The Role of Grammatical Gender in Predictive Processing in Russian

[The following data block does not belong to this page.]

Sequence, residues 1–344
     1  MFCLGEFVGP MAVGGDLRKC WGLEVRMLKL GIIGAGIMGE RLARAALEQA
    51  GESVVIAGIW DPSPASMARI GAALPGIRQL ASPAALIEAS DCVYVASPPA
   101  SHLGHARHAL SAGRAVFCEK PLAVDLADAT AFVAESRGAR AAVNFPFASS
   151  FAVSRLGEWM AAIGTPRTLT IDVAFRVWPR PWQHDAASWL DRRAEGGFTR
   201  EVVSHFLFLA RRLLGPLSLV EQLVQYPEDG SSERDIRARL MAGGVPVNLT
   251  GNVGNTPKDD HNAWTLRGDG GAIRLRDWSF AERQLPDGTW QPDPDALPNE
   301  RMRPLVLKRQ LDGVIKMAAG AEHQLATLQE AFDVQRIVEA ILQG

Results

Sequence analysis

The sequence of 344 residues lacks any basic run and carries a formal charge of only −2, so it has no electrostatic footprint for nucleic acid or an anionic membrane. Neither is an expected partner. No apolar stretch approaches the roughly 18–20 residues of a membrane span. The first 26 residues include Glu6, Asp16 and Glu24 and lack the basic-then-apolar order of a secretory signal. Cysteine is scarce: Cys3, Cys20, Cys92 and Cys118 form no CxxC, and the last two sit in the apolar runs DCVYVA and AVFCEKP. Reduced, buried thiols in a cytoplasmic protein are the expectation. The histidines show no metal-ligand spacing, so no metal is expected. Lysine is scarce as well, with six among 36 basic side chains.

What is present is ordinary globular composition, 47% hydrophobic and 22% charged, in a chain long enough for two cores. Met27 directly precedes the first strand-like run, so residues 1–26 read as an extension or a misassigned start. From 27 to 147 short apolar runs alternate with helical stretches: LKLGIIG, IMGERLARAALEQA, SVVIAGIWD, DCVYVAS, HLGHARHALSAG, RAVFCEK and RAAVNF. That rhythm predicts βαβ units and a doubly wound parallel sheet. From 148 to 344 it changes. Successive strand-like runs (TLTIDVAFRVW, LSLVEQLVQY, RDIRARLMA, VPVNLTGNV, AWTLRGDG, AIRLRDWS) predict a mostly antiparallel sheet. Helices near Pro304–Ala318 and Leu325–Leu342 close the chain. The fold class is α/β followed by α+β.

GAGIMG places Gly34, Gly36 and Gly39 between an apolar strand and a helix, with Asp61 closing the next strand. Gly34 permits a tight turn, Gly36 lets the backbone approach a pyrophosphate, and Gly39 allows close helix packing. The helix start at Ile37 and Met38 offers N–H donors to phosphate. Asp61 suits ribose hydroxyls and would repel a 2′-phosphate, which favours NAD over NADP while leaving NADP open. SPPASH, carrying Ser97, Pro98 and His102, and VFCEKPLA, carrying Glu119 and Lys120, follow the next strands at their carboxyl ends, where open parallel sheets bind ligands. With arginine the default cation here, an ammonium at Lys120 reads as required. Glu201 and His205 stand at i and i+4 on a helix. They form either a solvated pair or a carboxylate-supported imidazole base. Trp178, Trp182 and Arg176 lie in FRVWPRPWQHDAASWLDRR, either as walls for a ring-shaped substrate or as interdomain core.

Previous studies have shown that adult and child native speakers can use grammatical gender cues to predict upcoming nouns in online sentence interpretation (e.g. Lew-Williams & Fernald, 2010; Brouwer et al., 2017). This type of research mostly focused on Roman and West-Germanic languages. In this study we looked at gender-marked adjectives in Russian. The aim was to examine whether adult and child native speakers of Russian of varying ages can use grammatically marked adjectives to predict the upcoming noun during sentence comprehension. In a looking-while-listening paradigm, participants heard simple questions and saw two pictures on the screen. One picture was the target and the other the distractor of either the same or different gender. Importantly, only when the target and distractor had the different gender the gender-marked adjective was informative. All questions had the same structure with two gender-marked adjectives followed by a noun. We hypothesised that participants would look more and faster at the target picture in the different-gender than the same-gender condition. More specifically, we examined whether they could use gender-marking anticipatorily (i.e. before the onset of the noun) or facilitatively (i.e. after the onset of the noun). We predicted that children’s anticipation ability would increase with age. Our results revealed that native Russian adults and children anticipated the upcoming noun. Moreover, the anticipation effect was stronger for the adult group than for the child group. Subsequent analyses on the child data suggested that age is involved in anticipation ability in children, but it seems not to be the only (defining) predictor. The results of our study extend and improve existing theoretical knowledge regarding the role of grammatical gender in online sentence processing.
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